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A window on learning – Lazaridis Hall, Laurier University project review

Designed to “live right” on the street.

June 6, 2017  By Jack Kohane

The breathtaking central atrium of Lazaridis Hall has space for a four-storey-tall bamboo grove. Features like that combined with natural daylight pouring in the the huge skylight give a true feeling of being outdoors to students, faculty and visitors. photo credit Diamond Schmitt Architects

The newest landmark building on the campus of Wilfrid Laurier University in Waterloo, Ont., is the 220,000-square-foot, four-storey Lazaridis Hall, named after BlackBerry co-founder and philanthropist, Mike Lazaridis. Crowning the structure’s central atrium, now the main gathering place for students, faculty and visitors, is the 130-foot-long glass skylight, the stunning signature feature of the $70 million building that houses the University’s School of Business and Economics, along with the dean office, grad student space, computer labs, 300- and 150-person lecture halls, learning space, a broadcast facility, a two-level 1,000-seat auditorium for convocation, seven lecture halls, cafes, computer and math labs. The skylight represents not just the project’s structural tour de force, but also a case study in innovative design and installation.

“With our free-form nodal system, the skylight steel members could be shipped to site with a factory finish already applied because the skylight would be assembled with bolted connections between skylight members and nodes,” explains J.B. Howell, senior regional sales manager for Novum Structures from his Sarasota, Fla., office, the glazing skylight contractor for the Lazaridis Hall project. “Installation was able to occur quickly and safely on the ground with Novum’s FF-System and the skylight was stick built, one piece at a time.” Large segments were put into their final location as the skylight was completed. Once all of the steel was in place, the glass was carefully placed onto the skylight steel structure. The glass was attached using the Novum’s versatile edge clamp glazing support system. The flexibility of the Novum ECG attachments allowed the planar glass to segment the free form curves desired. “Lifting and installation of individual lites of glass 60 feet in the air was a challenge, but overcome with careful planning and execution of the work,” he adds.

Novum began its involvement with Lazaridis Hall in 2013, during the project’s early design stages, completing its portion of the structural construction in mid-2016. The Hall was officially opened by university and local dignitaries this May. Novum, together with Westmount Storefront Systems in Kitchener, Ont., (the vertical glaziers), teamed with Toronto-based Diamond Schmitt Architects in the design and construction of the atrium’s skylight. An eye-riveting, eco-coup of the LEED Gold-certified structure is a towering bamboo grove that rises through all four storeys, reaching to the glass arc of the roof.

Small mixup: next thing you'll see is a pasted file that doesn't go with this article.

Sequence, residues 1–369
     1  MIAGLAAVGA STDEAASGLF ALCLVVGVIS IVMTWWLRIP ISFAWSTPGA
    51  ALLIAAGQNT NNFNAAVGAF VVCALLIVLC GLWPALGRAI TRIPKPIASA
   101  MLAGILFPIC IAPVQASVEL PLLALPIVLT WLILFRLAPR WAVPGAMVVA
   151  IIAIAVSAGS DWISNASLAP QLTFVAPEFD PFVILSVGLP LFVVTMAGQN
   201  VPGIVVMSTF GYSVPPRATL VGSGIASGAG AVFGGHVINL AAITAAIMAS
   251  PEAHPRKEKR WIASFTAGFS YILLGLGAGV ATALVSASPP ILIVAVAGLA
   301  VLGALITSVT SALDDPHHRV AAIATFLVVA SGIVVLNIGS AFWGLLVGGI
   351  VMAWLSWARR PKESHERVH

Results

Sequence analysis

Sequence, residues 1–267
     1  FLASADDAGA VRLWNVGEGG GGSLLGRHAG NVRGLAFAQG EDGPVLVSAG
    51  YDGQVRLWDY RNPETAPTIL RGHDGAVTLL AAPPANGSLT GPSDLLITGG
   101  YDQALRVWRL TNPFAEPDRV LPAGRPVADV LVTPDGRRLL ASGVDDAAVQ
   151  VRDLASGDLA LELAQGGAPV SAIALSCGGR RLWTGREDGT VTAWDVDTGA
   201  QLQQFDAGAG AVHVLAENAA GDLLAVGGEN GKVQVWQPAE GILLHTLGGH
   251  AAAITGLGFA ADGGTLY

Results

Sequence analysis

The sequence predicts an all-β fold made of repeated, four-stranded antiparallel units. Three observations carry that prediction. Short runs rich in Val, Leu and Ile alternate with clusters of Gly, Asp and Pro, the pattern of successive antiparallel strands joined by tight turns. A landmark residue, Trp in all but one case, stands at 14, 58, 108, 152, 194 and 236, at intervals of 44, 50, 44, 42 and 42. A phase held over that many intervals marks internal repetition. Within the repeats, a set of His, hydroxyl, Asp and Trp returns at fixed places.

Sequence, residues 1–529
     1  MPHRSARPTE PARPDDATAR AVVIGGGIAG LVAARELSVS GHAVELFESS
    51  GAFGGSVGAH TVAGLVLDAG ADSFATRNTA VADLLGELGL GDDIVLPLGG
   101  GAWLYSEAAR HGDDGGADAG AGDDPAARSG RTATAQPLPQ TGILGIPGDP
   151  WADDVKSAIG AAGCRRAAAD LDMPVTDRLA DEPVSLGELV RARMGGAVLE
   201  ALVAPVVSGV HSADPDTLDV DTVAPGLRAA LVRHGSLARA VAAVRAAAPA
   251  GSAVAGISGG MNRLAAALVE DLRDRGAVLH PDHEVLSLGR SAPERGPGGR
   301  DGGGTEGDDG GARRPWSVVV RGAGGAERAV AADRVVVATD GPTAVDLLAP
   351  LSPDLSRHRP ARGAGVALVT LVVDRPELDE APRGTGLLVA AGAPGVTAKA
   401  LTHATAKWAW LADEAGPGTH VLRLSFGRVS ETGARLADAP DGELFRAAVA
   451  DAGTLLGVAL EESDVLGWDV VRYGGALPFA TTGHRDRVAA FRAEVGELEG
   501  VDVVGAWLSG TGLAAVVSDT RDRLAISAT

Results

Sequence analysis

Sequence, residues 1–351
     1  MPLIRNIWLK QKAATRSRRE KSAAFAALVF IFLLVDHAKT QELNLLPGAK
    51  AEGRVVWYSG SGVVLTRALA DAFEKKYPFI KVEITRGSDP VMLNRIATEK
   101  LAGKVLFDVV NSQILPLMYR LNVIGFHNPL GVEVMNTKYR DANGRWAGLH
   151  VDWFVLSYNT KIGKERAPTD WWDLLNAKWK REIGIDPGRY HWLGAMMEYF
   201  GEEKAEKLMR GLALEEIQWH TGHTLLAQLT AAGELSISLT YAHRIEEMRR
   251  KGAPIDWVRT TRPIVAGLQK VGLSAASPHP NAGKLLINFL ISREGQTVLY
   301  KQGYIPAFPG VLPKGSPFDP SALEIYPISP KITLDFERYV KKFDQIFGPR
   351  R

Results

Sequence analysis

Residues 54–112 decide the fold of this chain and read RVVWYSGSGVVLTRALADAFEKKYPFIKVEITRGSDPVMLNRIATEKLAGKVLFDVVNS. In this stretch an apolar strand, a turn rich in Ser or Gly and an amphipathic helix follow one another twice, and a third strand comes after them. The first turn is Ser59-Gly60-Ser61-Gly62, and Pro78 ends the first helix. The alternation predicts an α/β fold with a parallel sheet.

“The entire building has been designed to ‘live right’ on the street, deliberately pushed forward to encourage easy interaction between Laurier students and the community,” notes Gary Watson, the project architect and an associate with Diamond Schmitt Architects. He points out that the sidewalk and glazed entrance areas seem to blend together. As visitors step into the main entrance, they have a clear line of vision through the three-story curtain wall to the glass exit doors at the back of the building. “Glass is the critical component of the project’s cohesive design, helping to increase the sense of seamless transition from inside to out,” he says.

Diamond Schmitt Architects took home the Ontario Glass and Metal Association’s 2017 Award of Excellence for Design for the project. The award was presented at Top Glass in April.

About the contractor
Westmount Storefront Systems was founded in Kitchener, Ont., in 1993 by Tim Mitchell. According to the company website, its strengths include advanced curtainwall systems for custom office towers and complex commercial storefronts. Dedicated, long-term employees deliver exceptional customer service and on-time, on-budget work. Westmount is particulary proud of its state-of-the-art fabricating facility using CNC machinery and the latest 3D modelling software. They work constantly to update and upgrade processes and equipment to stay at the forefront of facade fabrication technology. Areas of expertise include both split mullion and standard curtainwall; interior flushline systems; arched curtainwall frames; door systems from Alumicor and Commdoor; aluminum sunshades, vents, and entrances; and aluminum panels and column covers, both anodized and painted. Offering a full spectrum of colour options is another strength for Westmount.

Westmount operates across Ontario and has recently taken on some work in Edmonton. The company employs about 50, with three permanent subcontractors. The impressive client list includes Loblaws, Canadian Tire and Future Shop.

AT A GLANCE– Lazaridis Hall
Architect: Diamond Schmitt Architects
Facade Contractor:
Seele Canada Inc./Seele
Glazing contractor: Novum Structures/Westmount Storefront Systems
Curtain wall mullions: Alumicor 2500 series
Glass: Vitro Solarban 70XL, with custom bird-friendly fit at ground floor
Spandrel: Solarban 70XL with custom colour Opacicoat 300 on surface #4
Doors: Phantom doors by Alumicor – aluminum with double-glazed unit mounted to the exterior surface
Glass units and custom fritting: Trulite

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